Van der Vliet Oloomi’s unapologetically metatextual romp seems, for a while, intended to flatter readers with an affinity for Borges. There is a pleasure in recognizing her many literary references, an even greater charm in being nonplussed by the occasional allusion to an obscure author or unplaceable quote. At one point, the charismatic Zebra draws together a confused and unkempt group and calls them her Pilgrims of the Void. It is an apt moniker for the self-selected tribe of bookish people separated from the petty superficialities of ordinary folk by a higher sense of order and a deeper recognition of loss.
Van der Vliet Oloomi captures the shattered identity of the refugee and the immigrant, the way that literature becomes a lifeline in exile: a movable home, a network of dissent, a genealogy beyond national borders. But Call Me Zebra also steadily pushes us to see beyond Zebra’s self-congratulatory identification as one of the literary elect. Irrevocably marked by the loss of her family and native land, Zebra winds herself in a cocoon of her own narcissism.
This is the shadow side of the exiled intellectual. The world according to Zebra is divided into those complacent, delusional people who believe “in a coherent and linear reality,” and those who know how easily such a reality is shattered. Invisible hands draw lines on maps, press buttons, drop bombs, and — poof — home is a pile of rubble and the old language dries on the tongue. The exile understands the ephemerality of everyday life, but her enlightenment comes at a price: an inability to connect, to be vulnerable, to love what may be lost again.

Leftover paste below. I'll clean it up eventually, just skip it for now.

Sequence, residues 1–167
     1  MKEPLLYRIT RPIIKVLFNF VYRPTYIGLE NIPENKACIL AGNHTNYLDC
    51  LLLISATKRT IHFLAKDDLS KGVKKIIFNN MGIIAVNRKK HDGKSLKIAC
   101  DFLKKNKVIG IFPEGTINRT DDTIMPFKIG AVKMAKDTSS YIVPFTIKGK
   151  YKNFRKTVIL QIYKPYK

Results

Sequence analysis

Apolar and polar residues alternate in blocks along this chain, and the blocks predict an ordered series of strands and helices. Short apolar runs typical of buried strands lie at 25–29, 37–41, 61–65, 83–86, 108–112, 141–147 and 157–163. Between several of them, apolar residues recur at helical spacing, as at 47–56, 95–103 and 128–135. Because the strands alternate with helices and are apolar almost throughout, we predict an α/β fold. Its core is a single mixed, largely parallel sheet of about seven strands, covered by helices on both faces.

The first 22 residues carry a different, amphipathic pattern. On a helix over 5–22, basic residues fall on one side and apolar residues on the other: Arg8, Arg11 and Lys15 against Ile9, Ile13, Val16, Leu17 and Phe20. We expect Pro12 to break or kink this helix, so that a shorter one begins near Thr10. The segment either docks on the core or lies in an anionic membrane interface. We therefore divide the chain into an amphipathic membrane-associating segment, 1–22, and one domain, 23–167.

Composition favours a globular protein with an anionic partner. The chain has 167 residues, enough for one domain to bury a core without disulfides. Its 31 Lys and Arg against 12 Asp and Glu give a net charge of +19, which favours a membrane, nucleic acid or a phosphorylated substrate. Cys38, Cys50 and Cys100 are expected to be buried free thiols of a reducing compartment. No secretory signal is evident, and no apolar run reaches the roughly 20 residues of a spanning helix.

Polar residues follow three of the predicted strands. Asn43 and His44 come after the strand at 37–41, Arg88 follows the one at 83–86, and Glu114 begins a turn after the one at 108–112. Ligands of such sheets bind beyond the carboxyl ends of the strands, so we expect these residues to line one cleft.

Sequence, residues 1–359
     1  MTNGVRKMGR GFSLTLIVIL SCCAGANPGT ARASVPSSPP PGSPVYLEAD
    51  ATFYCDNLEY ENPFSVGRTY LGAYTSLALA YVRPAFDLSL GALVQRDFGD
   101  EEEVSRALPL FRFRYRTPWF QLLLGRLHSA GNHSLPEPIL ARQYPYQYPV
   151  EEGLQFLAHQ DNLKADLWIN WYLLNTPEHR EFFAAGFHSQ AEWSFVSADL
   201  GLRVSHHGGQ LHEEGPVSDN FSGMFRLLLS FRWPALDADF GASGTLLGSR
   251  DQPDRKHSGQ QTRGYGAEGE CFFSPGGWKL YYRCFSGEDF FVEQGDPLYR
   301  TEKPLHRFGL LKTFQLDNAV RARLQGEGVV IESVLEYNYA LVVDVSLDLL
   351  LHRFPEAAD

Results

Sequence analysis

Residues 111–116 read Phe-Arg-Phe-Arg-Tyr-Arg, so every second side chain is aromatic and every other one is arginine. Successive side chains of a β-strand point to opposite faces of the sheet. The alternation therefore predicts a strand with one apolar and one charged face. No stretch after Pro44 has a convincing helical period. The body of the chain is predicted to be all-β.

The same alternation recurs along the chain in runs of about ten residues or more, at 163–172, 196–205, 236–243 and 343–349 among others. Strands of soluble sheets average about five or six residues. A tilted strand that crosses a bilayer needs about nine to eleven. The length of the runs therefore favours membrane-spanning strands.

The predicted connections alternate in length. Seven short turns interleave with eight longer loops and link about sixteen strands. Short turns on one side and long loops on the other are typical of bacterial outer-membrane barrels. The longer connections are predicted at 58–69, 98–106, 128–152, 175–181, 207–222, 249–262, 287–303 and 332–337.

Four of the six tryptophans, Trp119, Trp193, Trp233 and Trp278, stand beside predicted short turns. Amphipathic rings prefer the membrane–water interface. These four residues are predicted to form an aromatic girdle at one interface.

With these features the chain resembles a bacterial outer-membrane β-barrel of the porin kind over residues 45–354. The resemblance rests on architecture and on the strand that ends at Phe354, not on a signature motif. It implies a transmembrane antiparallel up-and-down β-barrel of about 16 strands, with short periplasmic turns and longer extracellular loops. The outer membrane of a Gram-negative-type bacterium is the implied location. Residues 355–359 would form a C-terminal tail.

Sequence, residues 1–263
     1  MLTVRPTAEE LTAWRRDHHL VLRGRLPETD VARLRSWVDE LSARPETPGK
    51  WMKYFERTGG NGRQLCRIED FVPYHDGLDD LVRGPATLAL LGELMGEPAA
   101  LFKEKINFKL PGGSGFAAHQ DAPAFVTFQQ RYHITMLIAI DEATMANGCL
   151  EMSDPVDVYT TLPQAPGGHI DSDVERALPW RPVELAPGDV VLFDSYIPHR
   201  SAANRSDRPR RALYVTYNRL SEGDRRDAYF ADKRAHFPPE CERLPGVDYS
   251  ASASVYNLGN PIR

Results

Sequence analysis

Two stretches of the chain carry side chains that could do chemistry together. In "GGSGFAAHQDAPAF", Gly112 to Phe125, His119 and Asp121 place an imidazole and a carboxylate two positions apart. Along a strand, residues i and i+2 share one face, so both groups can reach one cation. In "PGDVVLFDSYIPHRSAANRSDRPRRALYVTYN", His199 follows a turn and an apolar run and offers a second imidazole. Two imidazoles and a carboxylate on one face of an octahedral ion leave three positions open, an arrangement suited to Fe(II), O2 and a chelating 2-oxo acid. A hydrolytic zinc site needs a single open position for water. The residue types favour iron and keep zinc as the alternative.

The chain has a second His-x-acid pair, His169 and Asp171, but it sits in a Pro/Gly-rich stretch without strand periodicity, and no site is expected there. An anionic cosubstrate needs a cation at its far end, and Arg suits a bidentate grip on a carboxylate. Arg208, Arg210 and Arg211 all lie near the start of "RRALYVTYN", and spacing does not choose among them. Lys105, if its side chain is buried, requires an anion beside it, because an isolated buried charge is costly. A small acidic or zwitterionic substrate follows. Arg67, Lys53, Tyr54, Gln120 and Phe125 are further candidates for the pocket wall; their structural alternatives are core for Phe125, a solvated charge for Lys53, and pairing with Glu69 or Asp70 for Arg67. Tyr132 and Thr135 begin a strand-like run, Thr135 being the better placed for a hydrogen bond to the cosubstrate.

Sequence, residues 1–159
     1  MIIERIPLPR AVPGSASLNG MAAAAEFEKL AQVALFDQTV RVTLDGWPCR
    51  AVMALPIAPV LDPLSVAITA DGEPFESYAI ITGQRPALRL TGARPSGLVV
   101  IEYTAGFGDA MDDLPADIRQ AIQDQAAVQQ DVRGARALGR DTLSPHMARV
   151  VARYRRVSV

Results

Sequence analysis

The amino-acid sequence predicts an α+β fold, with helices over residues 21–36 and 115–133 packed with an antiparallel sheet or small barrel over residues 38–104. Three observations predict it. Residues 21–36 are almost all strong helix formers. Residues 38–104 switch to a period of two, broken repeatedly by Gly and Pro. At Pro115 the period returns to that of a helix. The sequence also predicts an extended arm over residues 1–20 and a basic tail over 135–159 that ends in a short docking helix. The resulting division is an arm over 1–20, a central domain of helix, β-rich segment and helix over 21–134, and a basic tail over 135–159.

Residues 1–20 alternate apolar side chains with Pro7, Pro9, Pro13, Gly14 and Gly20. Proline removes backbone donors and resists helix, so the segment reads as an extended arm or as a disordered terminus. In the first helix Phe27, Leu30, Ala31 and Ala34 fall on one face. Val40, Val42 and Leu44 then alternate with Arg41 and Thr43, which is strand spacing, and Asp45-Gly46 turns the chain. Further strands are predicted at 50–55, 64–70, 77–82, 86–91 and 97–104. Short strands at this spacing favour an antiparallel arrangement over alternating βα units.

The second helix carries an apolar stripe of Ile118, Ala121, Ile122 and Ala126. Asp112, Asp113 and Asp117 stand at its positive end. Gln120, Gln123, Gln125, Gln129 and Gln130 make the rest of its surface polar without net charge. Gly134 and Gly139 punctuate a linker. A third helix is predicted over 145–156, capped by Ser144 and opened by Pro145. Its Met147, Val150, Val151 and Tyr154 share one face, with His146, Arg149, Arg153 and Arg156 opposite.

Instead, Zebra develops a fetish for her objects of mourning, stubbornly dragging around the suitcase that still smells of her father’s corpse. Hers is a museum psychology that preserves traces of the dead past instead of creating a present. And as much as Zebra mocks philologists such as Ludo — academics for whom literature is merely a tool rather than a mode of radical survival — literature is ultimately a tool for her as well. In Zebra’s hands, book knowledge is a savage weapon, a truncheon with which to club anyone whispering dangerous words of affection.
Call Me Zebra does not invite its readers to feel — or fall — for its heroine. Much like Zebra herself, the novel demands intellectual engagement rather than emotional connection. Despite its lively prose, the story occasionally drags, as Zebra keeps traveling while never seeming to reach her goal. But in denying readers some common pleasures of reading — absorption, escapism, empathy — Van der Vliet Oloomi conveys the cold loneliness of Zebra’s grief all the better. What Zebra must learn over the course of her romantic quest through the Catalan countryside is that if suffering is an eternal constant, so, in the end, is love.
Irina Dumitrescu is Professor of English Medieval Studies at the University of Bonn. She is the author of The Experience of Education in Anglo-Saxon Literature (Cambridge, 2018).